2019, digitised Cyanotypes C-Type print on cotton paper
50 x 70 cm
Cyanotypes are a record of light. Paper is chemically treated with a sensitising solution, exposed to sunlight and developed in water to produce Prussian blue images, that will be digitalised and printed on archival photographic paper for maximum duration.
Brazilian visual artist Patricia Borges works mainly with photography and often adopts a multidisciplinary approach by presenting images together with texts and three-dimensional objects. Her images explore the details and fragments that mark the passage of time in the natural and built worlds. Starting in 2019 Patricia Borges’ main research focuses on camera-less photography. Her works on paper explore and update the historical process of cyanotype. The images result from a series of unpredictabilities from UV light exposure, pigmentation through chemical reactions and physical procedures with the material she uses to push the boundaries of the medium. Graduated in architecture, photography, cinematography and screenplay. Awarded at the biennials of Florence and Rome. Her work has been featured in numerous publications and exhibitions around the world and it is part of major private collections. Recent exhibitions include Le 228e Salon des Artistes Français, Grand Palais - Paris (2018), Tokyo Art Fair - Japan (2018), Luxembourg Art Fair (2019), Photo Israel - Tel Aviv (2019), Society of Scottish Artists Annual Exhibition - Edinburgh (2019). In 2020, her works were selected for Photo Milano, Festival de Copenhagen Photo Festival and Artexpo NY (by the New York Center for Photographic Art).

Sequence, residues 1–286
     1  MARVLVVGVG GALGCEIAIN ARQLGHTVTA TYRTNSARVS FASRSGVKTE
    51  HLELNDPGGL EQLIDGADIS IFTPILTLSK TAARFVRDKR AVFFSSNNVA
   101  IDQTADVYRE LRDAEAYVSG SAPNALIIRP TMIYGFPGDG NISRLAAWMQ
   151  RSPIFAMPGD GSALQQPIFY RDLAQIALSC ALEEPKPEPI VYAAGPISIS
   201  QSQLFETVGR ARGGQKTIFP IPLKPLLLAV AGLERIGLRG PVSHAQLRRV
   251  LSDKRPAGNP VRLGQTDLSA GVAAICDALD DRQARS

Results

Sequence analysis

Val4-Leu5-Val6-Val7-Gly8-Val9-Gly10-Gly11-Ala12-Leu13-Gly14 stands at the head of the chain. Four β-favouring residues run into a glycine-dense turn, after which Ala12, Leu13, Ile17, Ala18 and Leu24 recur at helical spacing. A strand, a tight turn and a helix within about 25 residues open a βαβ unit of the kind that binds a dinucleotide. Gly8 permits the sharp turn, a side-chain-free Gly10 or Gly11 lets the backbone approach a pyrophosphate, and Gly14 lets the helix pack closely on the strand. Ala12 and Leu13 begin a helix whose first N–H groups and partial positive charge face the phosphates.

About the series
"I guess we photograph in an attempt to understand the impermanence of life, the transience of all things that cease to be, despite our desire to retain them, to keep them. But not even the photographic image is permanent or eternal. Without light there would be no photography. Without light there would be no day. Technology gives us the eternal day. There shall be no nights. Just the eternal light. And the illusion of infinite time. In this series the sun is no longer reflected light but an alchemical brush. To produce camera-less cyanotypes I use natural sunlight, salts, sea water and sand. I get out of the lab, away from my computer and cell phone. I work outside on an urban beach, and experience the contradictions of natural and built environments. Nothing can be controlled: water temperature and pureness, pollution, light consistency, chemical reactions. Images result from this series of unpredictabilities."